JPMorgan Loss Proves Need for Financial Reform, Strong Volcker Rule
May 10, 2012
Dennis Kelleher, president of Better Markets, made the following statement on the JPMorgan Chase's surprise announcement today of $2 billion in losses from trading in high-risk illiquid derivatives:
Ignoring the trillions in dollars of damage done by Wall Street in causing the economic collapse, JPMorgan Chase CEO Jamie Dimon has been a relentless critic of financial reform. He has denied that the biggest banks continue to threaten our financial system and our economy and claims they are well run and know how to manage risk. JPM's announcement today of a surprise $2 billion in losses from illiquid derivatives proves him wrong and shows the need for financial reform, especially a strong Volcker Rule, to limit such risky betting.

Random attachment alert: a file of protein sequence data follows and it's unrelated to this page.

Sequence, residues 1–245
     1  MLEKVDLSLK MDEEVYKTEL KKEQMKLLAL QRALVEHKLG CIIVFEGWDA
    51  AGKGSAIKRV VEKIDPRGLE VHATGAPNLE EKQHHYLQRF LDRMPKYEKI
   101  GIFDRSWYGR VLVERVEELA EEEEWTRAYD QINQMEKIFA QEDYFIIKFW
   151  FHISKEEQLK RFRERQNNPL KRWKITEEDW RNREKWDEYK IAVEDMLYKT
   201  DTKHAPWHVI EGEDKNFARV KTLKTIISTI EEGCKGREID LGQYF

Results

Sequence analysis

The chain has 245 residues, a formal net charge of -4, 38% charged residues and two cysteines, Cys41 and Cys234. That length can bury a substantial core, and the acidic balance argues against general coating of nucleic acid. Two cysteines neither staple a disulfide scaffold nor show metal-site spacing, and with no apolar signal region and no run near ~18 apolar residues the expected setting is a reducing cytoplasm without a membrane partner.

Too-big-to-fail banks like JP Morgan, with trillions in assets and trillions more in high-risk investments and trading, require regulation and transparency. This is yet another example of the need for the more than $700 trillion derivatives market to be brought into the light of financial regulation. That is the only thing that will reduce the risk these banks pose to the taxpayers, the financial system and the economy.
Jamie Dimon and JP Morgan Chase just proved what anyone not getting a paycheck from a Wall Street bank already knows: gigantic too-big-to-fail banks are too-big-to-manage. They must not be allowed to continue to threaten our financial system and our economy.